BOSTON: For scientists around the world, it is publish — in English — or perish.
The English language has come to dominate science around the world, and millions of researchers who don’t speak and write English fluently are excluded from recognition, say a group of scientists who are calling for change.
Most professional science journals, where scientists share their research, publish exclusively in English and require that all articles be submitted in perfect English. Scientists also share their work at professional meetings, and these too are often conducted completely in English.
“People like Einstein would be overlooked,” Ulrich Ammon, of the University of Dulsburg-Essen in Germany, said. Einstein never learned to speak English well and if a young scientist today, he would be excluded from publishing and recognition.
The global public loses out by not learning about important research underway by non-English speakers, said Jose Vergara, of Puerto Montt Regional Hospital, Chile.
“We are trying to at least raise the issue,” Vergara said.
“Science should be for all inhabitants of the world,” said Vergara, who spoke during the annual meeting this month of the American Association for the Advancement of Science, which is conducted entirely in perfect English.
“We need a multilingual and interlingual policy of science,” Vergara said.
The dominance of English in science deepens the class divide worldwide, alienates career scientists from their own native languages and inflates the importance of US universities, said Humphrey Tonkin, of the University of Hartford, in the United States.
“Scientists are not aware of the basic discrimination they are propagating. And scientists pride themselves on being an international community and a tolerant community,” Tonkin said.
Something must be done, “unless we are content to live with the rank unfairness of English domination,” Tonkin said.
Today, more than 90 per cent of the science journals considered major or prestigious are those that print in English, Tonkin said.
Scientists who want to be able to read about the research of other scientists around the world must learn English, which can take years of practice.
The journal publishers require that all articles be submitted in perfect English, yet they provide almost no translation or editorial assistance to non-native speakers.
Scientists who are unable to write a scientific paper in perfect English are directed by the publishers to fee-for-service editors and translators who charge extraordinarily large sums of money, Tonkin said.
Once the article is in perfect English, the publisher will consider it, and may decide not to publish it.
Indices are in English and they largely include only science articles and abstracts written in English, Tonkin said.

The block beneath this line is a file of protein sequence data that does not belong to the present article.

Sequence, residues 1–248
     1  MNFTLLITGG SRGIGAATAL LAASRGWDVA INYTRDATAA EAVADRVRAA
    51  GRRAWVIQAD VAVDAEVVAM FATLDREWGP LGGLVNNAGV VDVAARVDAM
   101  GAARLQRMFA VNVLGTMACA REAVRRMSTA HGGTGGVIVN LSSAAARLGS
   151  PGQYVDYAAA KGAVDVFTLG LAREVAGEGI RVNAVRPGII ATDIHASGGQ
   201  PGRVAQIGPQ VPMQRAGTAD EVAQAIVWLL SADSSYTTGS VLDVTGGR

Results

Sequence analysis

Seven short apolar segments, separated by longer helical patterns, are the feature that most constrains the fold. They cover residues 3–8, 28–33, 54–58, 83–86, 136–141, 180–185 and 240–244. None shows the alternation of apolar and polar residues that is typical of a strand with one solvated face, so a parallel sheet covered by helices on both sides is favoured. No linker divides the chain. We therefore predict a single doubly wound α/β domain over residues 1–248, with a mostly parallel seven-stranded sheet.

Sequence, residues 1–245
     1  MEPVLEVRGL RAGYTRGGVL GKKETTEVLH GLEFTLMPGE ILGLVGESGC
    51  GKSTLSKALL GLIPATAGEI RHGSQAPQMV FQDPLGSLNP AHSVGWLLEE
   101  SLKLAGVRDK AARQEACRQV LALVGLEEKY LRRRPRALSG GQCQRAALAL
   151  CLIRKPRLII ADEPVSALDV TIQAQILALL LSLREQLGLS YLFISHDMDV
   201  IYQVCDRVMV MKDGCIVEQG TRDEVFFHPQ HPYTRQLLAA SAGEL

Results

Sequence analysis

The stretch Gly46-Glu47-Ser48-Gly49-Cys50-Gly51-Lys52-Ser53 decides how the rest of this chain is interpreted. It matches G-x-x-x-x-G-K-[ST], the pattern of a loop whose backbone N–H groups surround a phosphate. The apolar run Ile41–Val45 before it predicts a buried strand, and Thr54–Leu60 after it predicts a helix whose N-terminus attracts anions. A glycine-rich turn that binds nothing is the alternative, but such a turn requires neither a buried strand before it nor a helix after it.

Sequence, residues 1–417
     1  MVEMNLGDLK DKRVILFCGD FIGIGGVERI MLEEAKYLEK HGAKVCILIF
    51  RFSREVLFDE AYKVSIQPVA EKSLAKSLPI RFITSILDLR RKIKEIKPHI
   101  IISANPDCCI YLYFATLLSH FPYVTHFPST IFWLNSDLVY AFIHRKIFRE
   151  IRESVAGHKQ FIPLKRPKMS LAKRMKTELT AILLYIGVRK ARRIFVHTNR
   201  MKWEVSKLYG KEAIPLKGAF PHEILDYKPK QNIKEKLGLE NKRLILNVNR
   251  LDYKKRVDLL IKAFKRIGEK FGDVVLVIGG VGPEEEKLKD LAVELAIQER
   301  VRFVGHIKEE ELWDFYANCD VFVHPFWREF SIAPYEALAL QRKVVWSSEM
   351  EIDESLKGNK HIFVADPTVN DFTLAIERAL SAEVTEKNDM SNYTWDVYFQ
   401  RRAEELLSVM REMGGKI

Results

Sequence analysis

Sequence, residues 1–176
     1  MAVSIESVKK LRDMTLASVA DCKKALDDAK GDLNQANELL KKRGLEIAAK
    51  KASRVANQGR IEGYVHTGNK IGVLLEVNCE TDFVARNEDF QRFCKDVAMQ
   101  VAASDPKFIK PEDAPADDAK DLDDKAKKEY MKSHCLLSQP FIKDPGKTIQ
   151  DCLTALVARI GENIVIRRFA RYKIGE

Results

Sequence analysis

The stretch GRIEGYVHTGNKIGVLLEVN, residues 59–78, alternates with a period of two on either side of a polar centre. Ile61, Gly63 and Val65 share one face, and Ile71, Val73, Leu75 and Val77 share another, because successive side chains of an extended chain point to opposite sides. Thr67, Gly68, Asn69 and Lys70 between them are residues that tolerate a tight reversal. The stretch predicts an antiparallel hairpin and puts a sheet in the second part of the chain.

All of this has helped create a myth among native English speakers that “what’s worth reading will be available in English,” said E James Lieberman, of George Washington School of Medicine, in the US.
“In Germany it is felt as a serious problem for scientists. German universities rank low in the world because we publish in German,” Ammon said.
Scientific journals need to be pressured to provide translation and editing to non-English speakers, the scientists said.
“It would cost the publishers money but it wouldn’t harm the industry,” which is a very lucrative one, Tonkin said. “If it becomes unacceptable to discriminate on the basis of language, the publishers will come into line.”
The de facto requirement that English be used in science deepens the class divide around the world, the scientists said.
“If young scientists wish to enter the English-dominated realm of science, they must spend time and money to translate and edit their work. Their work won’t be accessible to their native language peers,” Tonkin said.
Universities worldwide that teach science in English are better known, and tend to attract students who learned English at an early age, often those from wealthier families, Tonkin said.
“The dominance of English has elevated the reputations of American universities and self-reinforced the importance of English,” Tonkin said.
And since most contemporary science textbooks are written in English, only those students who know English can study science.
Chile “has a huge problem in that English is available only for the elite. Those in university are the students who went to private school,” Vergara said.
Requiring young people to forego their own languages and switch to English to discuss science and modern technology may hasten the demise of indigenous and other languages, Vergara said.
According to the UN Educational, Scientific and Cultural Organisation, most indigenous languages will die at the end of the century if we do nothing, Vergara said.
“Some Finns worry that their own language may fail to develop new scientific words,” Lieberman said.
Vergara speaks Esperanto and suggested that it could become the universal language of science.
“There are plenty of answers,” Tonkin said. “First we have to get people concerned about the problem.”
The scientists vowed to try to make the annual meeting of the American Association for the Advancement of Science (AAAS) more fair, by pushing those in charge to offer some free translation, and encouraging those with less than perfect English to present their research, which is currently discouraged.
Researchers from all over the world come to the meeting each year to present their research. Only papers submitted in English are considered for presentation.
“This is the first time this topic has been raised at AAAS,” Ammon said.
Native English speakers at the meeting will be encouraged to speak more slowly, and to be more patient when listening to a presentation in non-native English.
“They need to understand that if the non-native speakers sound clumsy, they would be too if they were speaking in a second language,” Ammon said.—Dawn/IPS News Service